Results of the Phase II clinical trial of patients with brain metastases presented today at the American Society for Radiation Oncology (ASTRO) annual meeting shows the benefits of protecting the stem cells that reside in and around the hippocampus. The hippocampus is a C-shaped area in the temporal lobe on both sides of the brain associated with the ability to form and store memories. Protecting the hippocampus substantially reduces the rate of cancer patients’ memory loss during whole-brain radiotherapy without a significant risk of recurrence in that area of the brain.

“Memory loss, especially short-term recall, is an important consideration for patients receiving whole-brain radiotherapy,” explained the study’s co-principal investigator, Minesh P. Mehta, M.B., Ch.B., professor of radiation oncology at the University of Maryland School of Medicine. “We found that reducing the radiation dose to the stem-cell niches surrounding the hippocampus during treatment was clearly associated with memory preservation without an inordinate risk of relapse in that portion of the brain. The findings far exceeded our expectations.”

[The result of] reducing the radiation dose to the stem-cell niches surrounding the hippocampus… far exceeded our expectations.

Based on previous research, the predicted rate of cognitive decline at four months for patients receiving whole-brain radiation for brain metastases was 30%. Researchers designed this clinical trial, which was supported by RTOG grants from the National Cancer Institute (NCI), in such a way that a positive result would be a rate of cognitive decline reduced by half – to 15%. The observed rate in the trial was actually 7%. This was significantly better than the baseline rate of 30%. With a third fewer patients to evaluate, the rate of decline observed at six months was 2%. However, comparable data from the historic control study were not available.


Important insights
“These Phase II results, while not absolutely conclusive, offer very important insights which we hope to validate in a larger, randomized Phase III clinical trial,” Mehta, a radiation oncologist at the University of Maryland Marlene and Stewart Greenebaum Cancer Center who chairs the Radiation Therapy Oncology Group (RTOG) brain tumor committee, noted. The RTOG, which managed the Phase II trial, also plans to manage the Phase III Study.

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Mehta’s co-principal investigator, Vinai Gondi, M.D., will present the findings at the plenary session at the ASTRO annual meeting in Atlanta. Gondi practices at Central DuPage Hospital Cancer Center in Warrenville, Ill.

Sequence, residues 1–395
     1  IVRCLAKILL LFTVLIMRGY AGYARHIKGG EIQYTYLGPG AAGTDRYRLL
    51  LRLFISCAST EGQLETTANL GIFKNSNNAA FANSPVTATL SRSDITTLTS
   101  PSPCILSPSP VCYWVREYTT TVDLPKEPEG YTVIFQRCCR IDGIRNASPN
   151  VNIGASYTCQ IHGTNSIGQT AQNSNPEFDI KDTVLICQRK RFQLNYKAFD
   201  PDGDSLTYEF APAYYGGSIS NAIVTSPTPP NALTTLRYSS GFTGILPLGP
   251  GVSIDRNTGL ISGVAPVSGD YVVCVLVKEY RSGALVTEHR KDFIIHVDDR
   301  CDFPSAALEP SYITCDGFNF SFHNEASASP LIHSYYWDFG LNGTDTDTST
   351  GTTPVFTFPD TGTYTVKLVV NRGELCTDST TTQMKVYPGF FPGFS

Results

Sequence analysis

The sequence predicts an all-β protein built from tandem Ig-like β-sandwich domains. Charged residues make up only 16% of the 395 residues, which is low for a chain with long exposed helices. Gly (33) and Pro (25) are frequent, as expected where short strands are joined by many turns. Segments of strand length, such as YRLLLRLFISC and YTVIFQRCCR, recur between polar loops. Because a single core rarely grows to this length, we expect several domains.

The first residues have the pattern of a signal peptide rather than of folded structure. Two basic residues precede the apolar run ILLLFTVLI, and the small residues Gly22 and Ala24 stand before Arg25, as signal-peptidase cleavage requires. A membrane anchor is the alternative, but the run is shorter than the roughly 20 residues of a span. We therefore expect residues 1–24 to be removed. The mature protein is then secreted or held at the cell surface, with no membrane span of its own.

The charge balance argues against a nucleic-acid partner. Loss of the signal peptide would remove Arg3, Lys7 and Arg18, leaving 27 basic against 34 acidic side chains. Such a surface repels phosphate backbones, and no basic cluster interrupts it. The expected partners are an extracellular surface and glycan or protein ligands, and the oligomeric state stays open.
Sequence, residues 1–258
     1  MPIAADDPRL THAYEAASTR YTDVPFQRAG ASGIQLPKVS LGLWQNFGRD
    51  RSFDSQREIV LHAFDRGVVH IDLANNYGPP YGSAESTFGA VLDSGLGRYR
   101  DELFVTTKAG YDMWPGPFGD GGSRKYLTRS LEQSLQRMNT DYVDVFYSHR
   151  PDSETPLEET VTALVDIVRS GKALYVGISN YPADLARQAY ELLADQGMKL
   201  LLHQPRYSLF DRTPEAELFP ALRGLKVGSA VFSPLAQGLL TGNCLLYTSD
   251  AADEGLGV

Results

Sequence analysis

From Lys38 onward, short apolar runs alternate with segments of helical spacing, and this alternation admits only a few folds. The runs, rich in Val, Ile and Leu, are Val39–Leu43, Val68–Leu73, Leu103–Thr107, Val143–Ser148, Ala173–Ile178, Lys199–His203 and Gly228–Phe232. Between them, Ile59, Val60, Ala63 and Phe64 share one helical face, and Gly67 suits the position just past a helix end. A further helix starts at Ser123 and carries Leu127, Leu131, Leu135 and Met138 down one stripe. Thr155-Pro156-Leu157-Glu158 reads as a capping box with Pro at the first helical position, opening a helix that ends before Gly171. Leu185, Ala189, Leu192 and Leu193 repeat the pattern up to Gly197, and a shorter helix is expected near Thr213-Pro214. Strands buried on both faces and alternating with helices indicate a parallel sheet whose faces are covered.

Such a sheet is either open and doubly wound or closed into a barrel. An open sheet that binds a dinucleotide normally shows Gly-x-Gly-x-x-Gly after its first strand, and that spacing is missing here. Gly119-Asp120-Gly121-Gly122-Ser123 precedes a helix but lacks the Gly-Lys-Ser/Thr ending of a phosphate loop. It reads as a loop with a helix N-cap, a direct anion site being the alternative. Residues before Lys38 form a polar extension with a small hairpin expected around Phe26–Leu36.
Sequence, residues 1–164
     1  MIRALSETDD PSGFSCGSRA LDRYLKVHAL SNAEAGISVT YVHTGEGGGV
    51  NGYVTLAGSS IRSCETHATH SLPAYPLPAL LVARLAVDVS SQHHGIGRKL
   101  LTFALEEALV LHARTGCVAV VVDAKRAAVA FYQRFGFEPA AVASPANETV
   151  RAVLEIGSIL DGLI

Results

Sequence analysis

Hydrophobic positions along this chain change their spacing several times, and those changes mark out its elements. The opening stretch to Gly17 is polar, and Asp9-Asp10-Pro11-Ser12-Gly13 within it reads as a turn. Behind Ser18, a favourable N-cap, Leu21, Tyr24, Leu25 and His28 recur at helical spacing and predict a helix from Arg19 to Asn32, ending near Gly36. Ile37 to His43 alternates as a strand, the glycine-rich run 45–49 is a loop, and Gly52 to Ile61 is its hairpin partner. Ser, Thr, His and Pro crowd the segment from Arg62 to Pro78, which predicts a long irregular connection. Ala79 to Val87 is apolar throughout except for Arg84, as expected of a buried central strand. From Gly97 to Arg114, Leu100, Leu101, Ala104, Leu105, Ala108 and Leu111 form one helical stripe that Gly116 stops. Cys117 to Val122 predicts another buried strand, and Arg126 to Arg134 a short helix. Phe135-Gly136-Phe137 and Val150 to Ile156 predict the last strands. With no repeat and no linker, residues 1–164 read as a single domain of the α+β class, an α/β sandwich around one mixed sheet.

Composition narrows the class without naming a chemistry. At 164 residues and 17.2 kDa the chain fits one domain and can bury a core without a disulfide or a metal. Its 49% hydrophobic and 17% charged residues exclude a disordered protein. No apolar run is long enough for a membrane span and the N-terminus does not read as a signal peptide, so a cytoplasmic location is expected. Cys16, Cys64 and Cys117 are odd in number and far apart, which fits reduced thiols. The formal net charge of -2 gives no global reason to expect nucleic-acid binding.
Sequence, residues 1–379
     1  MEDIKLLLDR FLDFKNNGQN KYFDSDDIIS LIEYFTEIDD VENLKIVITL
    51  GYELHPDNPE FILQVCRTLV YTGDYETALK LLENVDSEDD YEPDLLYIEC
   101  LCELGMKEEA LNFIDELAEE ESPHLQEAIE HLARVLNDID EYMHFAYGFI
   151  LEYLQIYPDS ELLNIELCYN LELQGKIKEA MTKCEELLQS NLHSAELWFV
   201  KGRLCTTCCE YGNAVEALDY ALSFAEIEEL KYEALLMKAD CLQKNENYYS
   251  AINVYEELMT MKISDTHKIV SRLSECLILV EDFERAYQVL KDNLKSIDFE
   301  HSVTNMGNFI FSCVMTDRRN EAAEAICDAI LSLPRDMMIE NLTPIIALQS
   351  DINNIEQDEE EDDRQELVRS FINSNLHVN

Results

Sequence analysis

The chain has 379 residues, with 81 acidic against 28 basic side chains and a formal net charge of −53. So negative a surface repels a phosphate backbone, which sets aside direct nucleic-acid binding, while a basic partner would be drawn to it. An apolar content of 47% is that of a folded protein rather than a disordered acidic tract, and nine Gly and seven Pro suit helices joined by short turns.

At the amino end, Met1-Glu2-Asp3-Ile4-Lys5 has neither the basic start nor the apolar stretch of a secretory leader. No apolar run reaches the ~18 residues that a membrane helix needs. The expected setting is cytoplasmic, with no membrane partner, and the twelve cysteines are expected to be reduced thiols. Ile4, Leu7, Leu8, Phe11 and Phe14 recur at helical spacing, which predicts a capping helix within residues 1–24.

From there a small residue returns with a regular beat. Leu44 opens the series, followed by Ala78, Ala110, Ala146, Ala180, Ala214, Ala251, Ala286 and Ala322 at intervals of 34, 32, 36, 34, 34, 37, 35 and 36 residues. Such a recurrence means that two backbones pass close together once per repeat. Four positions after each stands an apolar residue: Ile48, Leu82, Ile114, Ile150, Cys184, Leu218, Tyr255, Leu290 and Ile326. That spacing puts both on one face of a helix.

Commenting on the study, Albert Reece, M.D., Ph.D., M.B.A., vice president for medical affairs at the University of Maryland and the John Z. and Akiko K. Bowers Distinguished Professor and Dean of the University of Maryland School of Medicine, said, “Preserving neurocognitive function is extremely important in treating patients with brain metastases, and the results of this latest study on hippocampal-avoidance radiotherapy led by Mehta are very encouraging. This technique, if validated in a randomized clinical trial, will give physicians a significant new tool to help maintain patients’ quality of life while aggressively treating their cancer.”

Patients in this study, the majority of them with lung cancer that had spread to the brain, were treated with intensity-modulated radiation therapy or IMRT. IMRT enabled doctors to shape the radiation beams to avoid the hippocampus. Researchers used a standardized cognitive function assessment ? the Hopkins Verbal Learning Test or HVLT ? to measure patients’ baseline memory, such as their ability to recall information immediately or after a delay, with follow-up at two, four and six months.

Between 2011 and 2013 a total of 113 patients were recruited to participate in this study. Investigators were able to evaluate 42 patients at four months and 29 patients at six months. The median survival for the participants was 6.8 months. Three patients (4.5%) experienced progression of their disease in the hippocampal region, which was within the expected range.

Hippocampal-avoidance radiotherapy
Mehta noted that the radiation affects cognitive function by damaging nerve cells as well as stem-cells. These stem-cells are designed to help to regenerate nerve cells that support memory formation. “These [stem-cell] niches are exquisitely sensitive to radiation and are involved in neurogenesis ? the process of generating new neurons, or nerve cells. Although we call it hippocampal-avoidance radiotherapy, we really are targeting the stem-cell niches in and around the hippocampus,” Mehta explained.

He further notes that factors other than radiation may also contribute to cognitive decline in patients with brain metastases. These factors may including medicines to control seizures or swelling in the brain. Furthermore, the cancer itself may also have an effect.

For more information:
Educational Session 413:Difficult Cases in CNS
Date: September 25, 2013
Time: 1:00 p.m. – 2:30 p.m.
Location: Georgia World Congress Center
Room Number: B405
Track: Central Nervous System

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